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Wednesday, October 1, 2014


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Revised abortion bill passes in House of Representatives




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Pro-choice protestors fill the Michigan State Captiol Building rotunda on Tuesday afternoon, June 12, 2012. Protestors chanted, “My body, my choice,” among other messages as the Michigan House of Representatives met to discuss anti-abortion related legislature. Natalie Kolb/The State News



Editor’s note: This story has been changed to reflect the views of Rep. Lesia Liss, D-Warren, and to reflect the abstention from an absent representative who did not vote on this bill.

The Michigan House of Representatives was filled with tension Wednesday afternoon when members divisively passed a controversial bill that would place new regulations on abortions in the state.

A day after hundreds of Planned Parenthood supporters gathered on the Capitol lawn to protest the bill’s imminent passage, debate took to the House floor, with the representatives ultimately passing the bill 70-39, with one representative abstaining due to not being in attendance.

The bill requires physicians to adhere to stricter requirements for granting abortions and determining that a woman was not coerced into terminating a pregnancy. It also prohibits treating fetal remains as medical waste and bans abortions after 20 weeks.

Rep. Bruce Rendon, R-Lake City, the bill’s main sponsor, said the bill has been misinterpreted to appear as an attack on women, when it intends to improve women’s health and bring accountability to abortions.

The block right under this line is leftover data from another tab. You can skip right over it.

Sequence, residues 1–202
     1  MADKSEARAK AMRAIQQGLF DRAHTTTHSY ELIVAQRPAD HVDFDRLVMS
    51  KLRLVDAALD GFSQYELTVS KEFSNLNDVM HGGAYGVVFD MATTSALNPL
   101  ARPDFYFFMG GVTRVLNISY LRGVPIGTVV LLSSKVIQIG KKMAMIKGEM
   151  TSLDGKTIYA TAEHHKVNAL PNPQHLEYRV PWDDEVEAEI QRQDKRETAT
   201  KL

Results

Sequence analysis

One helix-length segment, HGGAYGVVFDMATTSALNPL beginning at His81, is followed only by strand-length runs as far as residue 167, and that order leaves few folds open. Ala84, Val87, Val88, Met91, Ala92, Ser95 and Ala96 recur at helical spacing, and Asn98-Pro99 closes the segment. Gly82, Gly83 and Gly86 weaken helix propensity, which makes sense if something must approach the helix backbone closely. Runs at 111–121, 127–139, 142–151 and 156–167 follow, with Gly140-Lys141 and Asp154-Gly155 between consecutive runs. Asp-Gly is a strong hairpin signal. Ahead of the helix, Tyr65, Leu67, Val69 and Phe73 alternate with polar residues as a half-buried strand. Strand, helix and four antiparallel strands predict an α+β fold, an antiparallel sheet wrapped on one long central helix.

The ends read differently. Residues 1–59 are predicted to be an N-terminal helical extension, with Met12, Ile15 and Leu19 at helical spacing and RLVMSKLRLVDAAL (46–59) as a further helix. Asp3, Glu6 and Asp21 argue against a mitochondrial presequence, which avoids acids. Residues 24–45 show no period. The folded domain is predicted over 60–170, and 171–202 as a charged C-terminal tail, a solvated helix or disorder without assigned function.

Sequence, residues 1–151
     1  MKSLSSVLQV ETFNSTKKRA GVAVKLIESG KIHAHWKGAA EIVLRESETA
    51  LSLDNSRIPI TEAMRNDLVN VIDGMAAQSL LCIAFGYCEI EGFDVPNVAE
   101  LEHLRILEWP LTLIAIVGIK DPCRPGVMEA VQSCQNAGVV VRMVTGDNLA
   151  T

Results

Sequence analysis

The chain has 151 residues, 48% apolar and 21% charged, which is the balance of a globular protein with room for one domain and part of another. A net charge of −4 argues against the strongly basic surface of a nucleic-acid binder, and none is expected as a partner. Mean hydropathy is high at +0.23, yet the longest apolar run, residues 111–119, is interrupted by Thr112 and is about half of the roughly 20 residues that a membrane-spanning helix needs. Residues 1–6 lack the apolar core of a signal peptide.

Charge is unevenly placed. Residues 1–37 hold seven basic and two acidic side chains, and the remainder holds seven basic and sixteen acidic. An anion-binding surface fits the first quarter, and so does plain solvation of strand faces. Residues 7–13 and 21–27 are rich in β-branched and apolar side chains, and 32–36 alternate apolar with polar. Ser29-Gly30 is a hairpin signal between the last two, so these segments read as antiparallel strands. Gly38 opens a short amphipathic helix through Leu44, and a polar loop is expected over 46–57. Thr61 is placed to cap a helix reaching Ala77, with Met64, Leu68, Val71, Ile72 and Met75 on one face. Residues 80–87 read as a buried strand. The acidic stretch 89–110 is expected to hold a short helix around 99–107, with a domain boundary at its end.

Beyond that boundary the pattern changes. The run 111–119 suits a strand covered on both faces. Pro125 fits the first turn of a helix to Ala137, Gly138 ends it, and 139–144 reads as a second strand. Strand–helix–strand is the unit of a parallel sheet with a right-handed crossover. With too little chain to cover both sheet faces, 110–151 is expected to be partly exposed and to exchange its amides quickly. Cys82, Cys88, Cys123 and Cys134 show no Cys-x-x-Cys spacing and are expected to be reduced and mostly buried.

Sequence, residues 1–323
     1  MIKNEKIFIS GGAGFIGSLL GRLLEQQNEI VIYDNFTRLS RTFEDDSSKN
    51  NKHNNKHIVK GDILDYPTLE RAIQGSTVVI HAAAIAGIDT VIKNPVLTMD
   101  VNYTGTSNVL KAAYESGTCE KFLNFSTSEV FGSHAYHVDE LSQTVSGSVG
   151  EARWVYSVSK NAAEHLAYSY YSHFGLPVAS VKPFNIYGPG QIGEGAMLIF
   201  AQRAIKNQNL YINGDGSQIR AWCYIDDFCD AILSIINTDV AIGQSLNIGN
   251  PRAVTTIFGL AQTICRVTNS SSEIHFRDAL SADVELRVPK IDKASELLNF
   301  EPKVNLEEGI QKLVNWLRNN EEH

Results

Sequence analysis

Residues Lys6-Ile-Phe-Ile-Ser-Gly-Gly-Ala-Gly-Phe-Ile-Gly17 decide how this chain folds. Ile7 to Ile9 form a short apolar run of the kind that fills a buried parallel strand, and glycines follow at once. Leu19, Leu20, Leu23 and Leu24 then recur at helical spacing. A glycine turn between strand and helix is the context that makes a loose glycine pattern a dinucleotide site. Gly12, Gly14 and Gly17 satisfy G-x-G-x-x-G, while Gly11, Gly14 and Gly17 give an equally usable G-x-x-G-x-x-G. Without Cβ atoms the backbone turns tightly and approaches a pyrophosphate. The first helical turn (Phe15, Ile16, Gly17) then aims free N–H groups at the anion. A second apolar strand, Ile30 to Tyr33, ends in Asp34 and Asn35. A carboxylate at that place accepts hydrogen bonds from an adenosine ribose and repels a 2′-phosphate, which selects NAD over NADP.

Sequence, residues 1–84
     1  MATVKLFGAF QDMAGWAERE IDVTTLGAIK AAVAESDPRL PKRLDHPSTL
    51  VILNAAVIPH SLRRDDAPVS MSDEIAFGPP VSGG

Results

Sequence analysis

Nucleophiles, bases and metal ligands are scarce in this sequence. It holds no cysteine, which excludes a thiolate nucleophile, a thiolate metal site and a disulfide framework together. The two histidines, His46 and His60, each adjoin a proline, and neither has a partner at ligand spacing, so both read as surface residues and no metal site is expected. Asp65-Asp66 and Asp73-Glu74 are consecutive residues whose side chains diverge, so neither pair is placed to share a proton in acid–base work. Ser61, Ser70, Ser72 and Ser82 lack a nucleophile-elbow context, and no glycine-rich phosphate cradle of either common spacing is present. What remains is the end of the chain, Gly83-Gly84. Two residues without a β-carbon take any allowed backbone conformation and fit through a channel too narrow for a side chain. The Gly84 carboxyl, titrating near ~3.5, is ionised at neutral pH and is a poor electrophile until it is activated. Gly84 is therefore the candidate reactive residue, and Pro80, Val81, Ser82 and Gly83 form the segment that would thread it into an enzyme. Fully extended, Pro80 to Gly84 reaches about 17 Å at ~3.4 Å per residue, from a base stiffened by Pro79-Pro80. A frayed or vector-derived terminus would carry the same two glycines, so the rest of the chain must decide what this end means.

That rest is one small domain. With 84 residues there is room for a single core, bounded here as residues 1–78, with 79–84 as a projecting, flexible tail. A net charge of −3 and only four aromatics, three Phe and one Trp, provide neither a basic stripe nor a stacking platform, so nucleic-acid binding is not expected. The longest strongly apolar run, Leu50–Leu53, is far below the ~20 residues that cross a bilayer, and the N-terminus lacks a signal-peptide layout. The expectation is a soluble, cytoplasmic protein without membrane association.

“If a woman does decide to seek an abortion, she has every right to expect quality care,” he said.

Although the House was quick to pass the bill within a few weeks, the Senate likely won’t bring it to the floor until September.

Several women’s health groups have called the bill among the most extreme anti-abortion bills in the country for its reach over the women’s health field.

Lori Lamerand, president and chief executive officer of Planned Parenthood of Mid and South Michigan, said the scope of the bill’s reach into public health is “unheard of,” and no other state is discussing abortion in the same way.

Regulating abortions is a complicated issue that cannot be solved through legislation, despite politicians using it as an election-year topic, she said.

“This bill purports to be about supporting women and making things safer for women, but if that was really their goal, there’s a plethora of things they could be doing that really would support women,” she said.

At several occasions during the House debate, speakers were called out of order or asked to remain on topic discussing the bill.

“I’ve heard it said that this set of bills is a war on women. I reject that notion,” Rep. Margaret O’Brien, R-Portage, said.

Although O’Brien said an abortion certainly is an invasive procedure, she said the bill provides better medical practices for abortions similar to the way other surgical procedures are treated.

The proposed regulations would require abortion clinics to adhere to stricter surgical codes, which some abortion rights supporters said could force them out of business.

MSU Students for Life President Lisa Jankowski said abortions can be a traumatic experience to begin with, and regulating health practices at clinics will provide better care to women who do seek abortions.

But Rep. Lisa Brown, D-West Bloomfield, said many women’s voices have gone unheard in the abortion debate, and the Legislature should not require all women to adhere to only some legislators’ beliefs.

Brown, who is Jewish, said Jewish law allows a “therapeutic abortion” for pregnant women if the mother’s life is at stake, and passing this legislation does not take everyone’s religious freedoms into account.

“I’m flattered you’re all so interested in my vagina, but no means no,” she said.

Rep. Lesia Liss, D-Warren, supported the bill but said there are more than two sides.

“Nobody wants to have an abortion,” she said. “We should be doing more on the prevention front for the purposes of humanity.”


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